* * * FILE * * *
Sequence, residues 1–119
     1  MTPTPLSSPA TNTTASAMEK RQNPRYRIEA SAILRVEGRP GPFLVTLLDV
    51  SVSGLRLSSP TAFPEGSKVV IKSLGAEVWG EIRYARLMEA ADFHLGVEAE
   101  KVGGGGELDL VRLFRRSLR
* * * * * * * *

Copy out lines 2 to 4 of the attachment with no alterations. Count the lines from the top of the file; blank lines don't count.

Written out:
     1  MTPTPLSSPA TNTTASAMEK RQNPRYRIEA SAILRVEGRP GPFLVTLLDV
    51  SVSGLRLSSP TAFPEGSKVV IKSLGAEVWG EIRYARLMEA ADFHLGVEAE
   101  KVGGGGELDL VRLFRRSLR